- On average, a payday loan borrower is in debt for five months out of the year, spending an average of $520 in fees to borrow eight loans per year of $375 each.
Can a payday loan boost your credit score?
The short answer? No. Just as taking out a payday loan won’t automatically decrease your credit score, paying it off on time won’t increase it either. Because payday loans and on-time payments aren’t reported to any of the three national credit bureaus — Equifax, Experian and TransUnion — there is no way for these payday loans to help improve your score.
Dangers of taking out a personal loan
Similar to a payday loan, a short-term personal loan offers a quick fix for a price. You can receive a personal loan from a variety of providers, such as credit unions, banks, online lenders or peer-to-peer lenders. But be wary of high interest rates and potential hidden fees.
A personal loan may sound appealing when you need fast funds, but certain factors make them a less-than-ideal option.
High interest rates. The Federal Trade Commission acknowledges that a personal loan can help cover expenses, but warns that they’re mostly unsecured loans. A secured loan requires collateral like a house or a car, but an unsecured loan doesn’t. Unsecured loans may have a higher interest rate than a secured loan due to the lack of collateral, which causes lenders to see them as riskier than a secured loan, according to USA.gov.
Short repayment terms. While personal loan repayment terms vary in length, beware of choosing a loan with a repayment term that you can’t meet. The Online Lenders Alliance found that the number of installment loans with terms of three to 12 months is increasing.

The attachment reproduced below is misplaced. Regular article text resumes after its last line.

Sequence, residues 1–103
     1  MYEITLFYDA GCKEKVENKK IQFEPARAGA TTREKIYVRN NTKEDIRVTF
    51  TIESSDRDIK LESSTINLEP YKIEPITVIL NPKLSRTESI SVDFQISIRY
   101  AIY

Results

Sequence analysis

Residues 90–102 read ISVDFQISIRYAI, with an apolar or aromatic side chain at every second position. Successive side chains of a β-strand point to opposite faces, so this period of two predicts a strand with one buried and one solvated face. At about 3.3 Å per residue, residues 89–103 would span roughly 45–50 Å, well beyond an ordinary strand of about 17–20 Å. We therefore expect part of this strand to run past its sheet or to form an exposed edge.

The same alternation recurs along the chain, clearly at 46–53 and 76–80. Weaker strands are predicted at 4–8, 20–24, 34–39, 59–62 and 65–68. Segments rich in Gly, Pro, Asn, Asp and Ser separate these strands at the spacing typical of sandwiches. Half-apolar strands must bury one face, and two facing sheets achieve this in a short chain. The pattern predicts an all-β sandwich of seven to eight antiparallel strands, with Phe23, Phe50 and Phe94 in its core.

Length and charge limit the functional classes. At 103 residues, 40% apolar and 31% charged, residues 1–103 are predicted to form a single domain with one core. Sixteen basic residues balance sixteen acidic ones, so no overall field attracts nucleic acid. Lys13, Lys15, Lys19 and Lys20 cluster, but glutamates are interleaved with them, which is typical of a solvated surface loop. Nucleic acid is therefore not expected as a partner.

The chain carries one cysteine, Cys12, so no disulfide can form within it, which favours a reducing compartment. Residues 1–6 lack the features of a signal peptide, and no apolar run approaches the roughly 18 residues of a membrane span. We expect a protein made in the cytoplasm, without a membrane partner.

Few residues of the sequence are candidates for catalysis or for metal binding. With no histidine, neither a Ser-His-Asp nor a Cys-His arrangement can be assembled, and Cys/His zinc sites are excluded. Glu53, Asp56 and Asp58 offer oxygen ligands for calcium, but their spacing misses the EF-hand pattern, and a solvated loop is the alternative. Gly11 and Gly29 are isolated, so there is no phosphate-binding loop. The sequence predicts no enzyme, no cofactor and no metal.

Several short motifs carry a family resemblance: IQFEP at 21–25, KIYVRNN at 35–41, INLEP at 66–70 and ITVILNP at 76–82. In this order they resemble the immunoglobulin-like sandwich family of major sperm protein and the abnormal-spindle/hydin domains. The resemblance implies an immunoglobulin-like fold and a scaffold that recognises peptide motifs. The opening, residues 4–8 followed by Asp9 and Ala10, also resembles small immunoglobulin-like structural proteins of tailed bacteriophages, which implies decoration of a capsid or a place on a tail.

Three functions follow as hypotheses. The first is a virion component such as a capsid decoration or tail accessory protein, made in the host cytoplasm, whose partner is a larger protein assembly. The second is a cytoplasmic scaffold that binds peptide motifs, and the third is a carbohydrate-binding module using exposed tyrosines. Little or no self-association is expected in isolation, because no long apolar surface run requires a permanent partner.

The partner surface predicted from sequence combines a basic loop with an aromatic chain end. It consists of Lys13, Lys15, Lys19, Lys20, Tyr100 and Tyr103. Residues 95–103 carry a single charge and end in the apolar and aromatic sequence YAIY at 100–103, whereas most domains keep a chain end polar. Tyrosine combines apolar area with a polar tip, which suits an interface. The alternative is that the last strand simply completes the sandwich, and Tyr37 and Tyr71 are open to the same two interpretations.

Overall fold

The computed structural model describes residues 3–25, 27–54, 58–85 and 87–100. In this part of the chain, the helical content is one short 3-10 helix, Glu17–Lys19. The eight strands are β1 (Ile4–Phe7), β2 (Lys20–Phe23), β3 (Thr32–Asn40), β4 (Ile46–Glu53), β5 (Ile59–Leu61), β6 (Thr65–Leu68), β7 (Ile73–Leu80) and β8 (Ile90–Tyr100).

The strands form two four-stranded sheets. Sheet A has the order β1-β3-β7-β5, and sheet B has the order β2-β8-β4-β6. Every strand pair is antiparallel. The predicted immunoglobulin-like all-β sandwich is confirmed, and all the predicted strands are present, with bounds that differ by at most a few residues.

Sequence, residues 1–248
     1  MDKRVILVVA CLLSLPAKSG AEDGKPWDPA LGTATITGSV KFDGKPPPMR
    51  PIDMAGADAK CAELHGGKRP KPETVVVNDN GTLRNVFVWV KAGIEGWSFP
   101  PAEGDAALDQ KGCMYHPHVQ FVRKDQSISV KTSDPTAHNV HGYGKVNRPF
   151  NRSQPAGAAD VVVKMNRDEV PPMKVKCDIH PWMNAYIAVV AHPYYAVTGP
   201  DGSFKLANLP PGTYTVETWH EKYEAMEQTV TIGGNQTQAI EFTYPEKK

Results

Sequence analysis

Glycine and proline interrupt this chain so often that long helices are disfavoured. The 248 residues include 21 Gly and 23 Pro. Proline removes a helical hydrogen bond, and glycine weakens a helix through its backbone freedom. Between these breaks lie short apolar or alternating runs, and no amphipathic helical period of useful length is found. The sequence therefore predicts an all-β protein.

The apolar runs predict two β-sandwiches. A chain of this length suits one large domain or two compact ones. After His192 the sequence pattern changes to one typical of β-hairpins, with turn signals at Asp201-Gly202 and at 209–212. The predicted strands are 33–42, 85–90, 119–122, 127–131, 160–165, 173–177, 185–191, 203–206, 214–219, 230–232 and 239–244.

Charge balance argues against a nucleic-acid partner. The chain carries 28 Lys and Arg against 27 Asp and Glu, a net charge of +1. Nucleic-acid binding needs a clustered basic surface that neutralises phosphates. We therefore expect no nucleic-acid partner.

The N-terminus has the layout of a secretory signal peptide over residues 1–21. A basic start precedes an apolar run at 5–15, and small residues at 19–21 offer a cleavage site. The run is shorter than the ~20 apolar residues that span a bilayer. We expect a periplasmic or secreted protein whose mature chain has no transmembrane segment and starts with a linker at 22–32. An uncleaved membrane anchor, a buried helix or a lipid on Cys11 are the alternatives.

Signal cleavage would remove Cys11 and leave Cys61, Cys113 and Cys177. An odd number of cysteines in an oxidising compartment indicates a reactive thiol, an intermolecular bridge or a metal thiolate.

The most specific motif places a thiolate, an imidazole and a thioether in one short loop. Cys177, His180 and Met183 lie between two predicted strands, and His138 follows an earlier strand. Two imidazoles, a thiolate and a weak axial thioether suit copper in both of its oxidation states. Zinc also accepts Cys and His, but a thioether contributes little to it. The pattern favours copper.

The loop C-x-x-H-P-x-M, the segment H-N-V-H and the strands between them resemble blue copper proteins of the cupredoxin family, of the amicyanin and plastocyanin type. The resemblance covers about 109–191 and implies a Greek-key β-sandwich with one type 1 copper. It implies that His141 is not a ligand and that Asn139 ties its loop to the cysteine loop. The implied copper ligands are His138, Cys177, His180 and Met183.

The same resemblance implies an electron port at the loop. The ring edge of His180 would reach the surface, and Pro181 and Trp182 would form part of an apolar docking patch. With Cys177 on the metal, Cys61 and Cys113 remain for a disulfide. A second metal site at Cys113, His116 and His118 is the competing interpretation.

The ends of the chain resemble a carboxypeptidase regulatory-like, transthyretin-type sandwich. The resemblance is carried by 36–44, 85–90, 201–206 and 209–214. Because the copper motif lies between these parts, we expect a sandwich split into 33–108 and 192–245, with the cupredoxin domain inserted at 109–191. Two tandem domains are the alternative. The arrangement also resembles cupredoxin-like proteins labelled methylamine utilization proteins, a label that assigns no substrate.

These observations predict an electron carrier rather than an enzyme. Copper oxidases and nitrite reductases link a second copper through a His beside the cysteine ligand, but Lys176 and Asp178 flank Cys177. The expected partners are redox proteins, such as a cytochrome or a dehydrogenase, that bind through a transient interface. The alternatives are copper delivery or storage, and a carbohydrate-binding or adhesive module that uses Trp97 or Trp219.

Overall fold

Costly fees. Read your loan agreement carefully to avoid extra costs like penalties and late payment fees, bounced check fees and check processing fees.
Low credit scores qualify. If you have a low credit score and qualify for a personal loan, you must be prepared for potentially higher interest rates and shorter repayment terms.
3 alternatives to a payday or personal loan
Borrowing money usually come with strings attached, but there are safer (and lower interest) funding options for fast cash than payday loans and personal loans.
Home equity loan. This type of loan provides access to your home’s equity, which is the difference between the value of the home and what you owe. The borrowed money is delivered in a lump-sum payment with a fixed interest rate. Your home is used as collateral.
Home equity line of credit. This also uses your home as collateral. You’ll be able to borrow money multiple times during a draw period from a set maximum amount, paying interest only on what you borrow. You begin repayment after the draw period. A HELOC will generally have an adjustable interest rate.
Introductory 0% interest credit card. If you can use a 0% interest credit card (usually found on a short-term introductory offer) or a credit card with lower interest than a payday or personal loan, you’ll save money on interest while paying off only the minimum monthly payment.